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Regeneration in the mature brain is limited. An understanding of the molecular mechanisms that regulate self-renewal, proliferation, differentiation, and importantly, the lineage plasticity of neural stem/progenitor cells during development and homeostasis is crucial for discovering how to stimulate brain repair upon injury.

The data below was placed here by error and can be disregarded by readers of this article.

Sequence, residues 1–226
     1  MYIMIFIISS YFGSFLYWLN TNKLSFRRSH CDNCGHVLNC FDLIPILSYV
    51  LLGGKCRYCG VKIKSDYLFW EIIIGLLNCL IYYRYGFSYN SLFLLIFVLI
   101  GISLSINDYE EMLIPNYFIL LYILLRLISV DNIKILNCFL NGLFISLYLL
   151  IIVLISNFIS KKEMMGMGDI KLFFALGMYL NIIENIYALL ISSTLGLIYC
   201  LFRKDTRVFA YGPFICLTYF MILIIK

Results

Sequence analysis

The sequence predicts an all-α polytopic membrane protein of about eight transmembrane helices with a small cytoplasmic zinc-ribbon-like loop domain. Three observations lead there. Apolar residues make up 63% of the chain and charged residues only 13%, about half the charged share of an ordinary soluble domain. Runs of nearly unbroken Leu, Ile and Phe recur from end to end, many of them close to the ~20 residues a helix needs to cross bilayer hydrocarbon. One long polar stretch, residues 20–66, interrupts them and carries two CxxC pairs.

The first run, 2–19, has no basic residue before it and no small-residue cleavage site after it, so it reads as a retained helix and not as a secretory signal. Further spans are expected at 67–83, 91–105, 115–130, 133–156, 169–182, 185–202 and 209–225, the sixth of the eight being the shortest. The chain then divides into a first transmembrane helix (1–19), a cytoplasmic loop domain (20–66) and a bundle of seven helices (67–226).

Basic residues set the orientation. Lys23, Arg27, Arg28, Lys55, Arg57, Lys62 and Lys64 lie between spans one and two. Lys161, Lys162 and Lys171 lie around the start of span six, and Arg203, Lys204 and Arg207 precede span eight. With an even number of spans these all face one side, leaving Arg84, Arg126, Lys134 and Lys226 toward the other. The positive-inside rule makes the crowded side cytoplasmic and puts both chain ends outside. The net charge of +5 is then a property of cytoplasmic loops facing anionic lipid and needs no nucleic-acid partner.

Sumru’s previous work shows that the neonatal mouse cerebellum has remarkable regenerative potential as it can recover from injury at birth by various mechanisms, one of which involves lineage plasticity. However, the adult cerebellum has lost this regenerative ability, despite the existence of stem-like cells. Using comparative approaches in this powerful system,the Bayin lab will identify the signalling pathways and gene regulatory networks that control the developmental and regenerative responses of cerebellar progenitors in neonates and determine how they differ in adults. Candidate stimulators of neonatal regeneration will be tested through in vitro and in vivo stem cell assays, and then pro-regenerative pathways will be assessed for their ability to stimulate stem cells. Finally, the lab will develop models to translate their findings from mouse to human. This work will provide fundamental knowledge on the regulatory mechanisms that govern neural progenitors and harnessing new findings will provide a basis for in vivo manipulation of stem cells to facilitate brain repair.